East Belfast MP Mrs Long speaking after the Belfast Telegraph survey, which came in the wake of the Scottish independence referendum, which showed a majority of the public in favour of a border poll.
She said: “Whilst the poll showed 56.2 per cent of would back a border poll, 59.8 per cent would reject Irish unification. Only 7.7 per cent of those polled would back a yes vote, while 32.5 per cent stated they would like to see the border removed in 20 years. This is clearly well short of the conditions set out in the Good Friday Agreement of requiring there to be a prospect of change before a poll is taken.
“This survey clearly shows that a large majority of people in Northern Ireland support the constitutional status quo to remain. To have the expense and disturbance caused by a border poll only to have that confirmed formally would be a distraction from more important issues which need urgently addressed.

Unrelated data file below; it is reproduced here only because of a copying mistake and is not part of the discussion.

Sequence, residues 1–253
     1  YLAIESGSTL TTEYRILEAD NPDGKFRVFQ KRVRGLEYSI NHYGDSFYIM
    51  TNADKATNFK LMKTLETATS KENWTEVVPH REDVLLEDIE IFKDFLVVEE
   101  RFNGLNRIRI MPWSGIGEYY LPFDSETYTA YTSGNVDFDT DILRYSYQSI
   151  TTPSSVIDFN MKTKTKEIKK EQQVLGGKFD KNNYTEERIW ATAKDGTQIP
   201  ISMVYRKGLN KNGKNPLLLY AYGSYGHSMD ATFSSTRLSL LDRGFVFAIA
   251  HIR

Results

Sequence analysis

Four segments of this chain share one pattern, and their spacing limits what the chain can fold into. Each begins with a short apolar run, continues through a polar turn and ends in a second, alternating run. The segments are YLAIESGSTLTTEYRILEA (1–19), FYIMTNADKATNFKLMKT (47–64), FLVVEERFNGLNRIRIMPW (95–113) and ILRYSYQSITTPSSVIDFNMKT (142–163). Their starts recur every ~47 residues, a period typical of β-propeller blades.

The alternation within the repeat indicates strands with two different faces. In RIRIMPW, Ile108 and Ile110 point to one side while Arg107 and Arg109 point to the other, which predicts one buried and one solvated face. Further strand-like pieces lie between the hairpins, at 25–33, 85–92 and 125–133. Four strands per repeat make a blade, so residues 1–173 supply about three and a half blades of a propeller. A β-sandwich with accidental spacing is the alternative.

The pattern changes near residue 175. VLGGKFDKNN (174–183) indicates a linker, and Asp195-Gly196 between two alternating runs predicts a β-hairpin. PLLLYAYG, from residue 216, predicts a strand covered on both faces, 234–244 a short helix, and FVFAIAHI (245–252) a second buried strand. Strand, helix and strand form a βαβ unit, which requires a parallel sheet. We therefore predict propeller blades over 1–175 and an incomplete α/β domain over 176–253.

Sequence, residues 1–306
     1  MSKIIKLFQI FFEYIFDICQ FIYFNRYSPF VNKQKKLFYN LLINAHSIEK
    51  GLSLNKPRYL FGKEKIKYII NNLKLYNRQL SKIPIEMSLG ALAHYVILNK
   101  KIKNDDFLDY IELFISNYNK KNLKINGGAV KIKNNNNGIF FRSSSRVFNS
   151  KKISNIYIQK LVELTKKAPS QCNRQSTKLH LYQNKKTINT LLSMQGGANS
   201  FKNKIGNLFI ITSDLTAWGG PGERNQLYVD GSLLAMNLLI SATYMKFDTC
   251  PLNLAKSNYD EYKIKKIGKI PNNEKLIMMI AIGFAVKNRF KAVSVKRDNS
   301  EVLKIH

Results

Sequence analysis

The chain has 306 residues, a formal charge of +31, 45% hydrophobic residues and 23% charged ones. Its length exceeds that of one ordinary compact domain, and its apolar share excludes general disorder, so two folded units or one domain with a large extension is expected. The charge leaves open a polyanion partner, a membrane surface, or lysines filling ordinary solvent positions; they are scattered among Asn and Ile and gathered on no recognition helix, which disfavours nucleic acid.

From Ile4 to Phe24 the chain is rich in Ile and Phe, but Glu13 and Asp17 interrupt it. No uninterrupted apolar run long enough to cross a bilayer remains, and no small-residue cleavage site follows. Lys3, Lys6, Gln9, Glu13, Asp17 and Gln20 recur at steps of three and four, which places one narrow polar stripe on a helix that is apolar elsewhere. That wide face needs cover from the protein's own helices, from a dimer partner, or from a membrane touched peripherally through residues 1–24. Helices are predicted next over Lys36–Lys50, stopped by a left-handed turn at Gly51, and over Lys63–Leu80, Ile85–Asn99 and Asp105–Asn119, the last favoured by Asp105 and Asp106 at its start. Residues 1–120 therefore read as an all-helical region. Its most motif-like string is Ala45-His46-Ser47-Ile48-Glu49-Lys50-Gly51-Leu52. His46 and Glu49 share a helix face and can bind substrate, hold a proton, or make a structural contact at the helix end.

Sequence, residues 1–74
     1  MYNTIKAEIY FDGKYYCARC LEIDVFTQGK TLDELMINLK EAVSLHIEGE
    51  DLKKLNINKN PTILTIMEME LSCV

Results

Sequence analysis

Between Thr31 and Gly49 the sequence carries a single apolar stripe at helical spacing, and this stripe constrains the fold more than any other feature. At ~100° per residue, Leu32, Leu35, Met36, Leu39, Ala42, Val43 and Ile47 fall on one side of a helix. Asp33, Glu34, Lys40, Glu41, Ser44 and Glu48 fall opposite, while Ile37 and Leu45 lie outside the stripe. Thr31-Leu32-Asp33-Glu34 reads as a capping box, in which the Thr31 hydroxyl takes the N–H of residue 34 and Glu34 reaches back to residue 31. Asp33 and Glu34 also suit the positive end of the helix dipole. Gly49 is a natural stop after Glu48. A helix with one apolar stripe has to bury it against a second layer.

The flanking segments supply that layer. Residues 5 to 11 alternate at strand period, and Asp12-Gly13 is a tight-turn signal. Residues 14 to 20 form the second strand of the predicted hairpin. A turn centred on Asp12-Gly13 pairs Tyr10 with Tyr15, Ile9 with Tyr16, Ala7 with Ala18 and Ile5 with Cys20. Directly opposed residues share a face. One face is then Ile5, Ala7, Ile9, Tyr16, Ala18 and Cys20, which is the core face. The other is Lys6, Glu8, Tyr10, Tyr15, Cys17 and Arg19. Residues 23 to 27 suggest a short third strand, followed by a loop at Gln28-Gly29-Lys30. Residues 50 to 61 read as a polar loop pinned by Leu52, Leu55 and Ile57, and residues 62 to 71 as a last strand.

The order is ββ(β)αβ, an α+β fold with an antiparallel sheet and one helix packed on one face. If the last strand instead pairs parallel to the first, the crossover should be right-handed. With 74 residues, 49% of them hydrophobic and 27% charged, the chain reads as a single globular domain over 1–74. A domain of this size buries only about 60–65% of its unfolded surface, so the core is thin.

“I believe this outcome was heavily influenced by the Scottish vote, which was designed to put the question of Scottish independence to rest one way or the other for a generation. However, given the mechanism in the Good Friday Agreement, such a move would not only further polarise politics at this time when crucial issues such as welfare reform, education and health should be taking priority, but also, far from settling the question, could automatically trigger similar polls every seven years, completely distracting from real politics and the job of reconciliation in the longer term.
“We run the risk of being deflected from the challenges of reconciliation and good governance to concentrate on politics focused entirely on such divisions, deepening them instead of removing them.”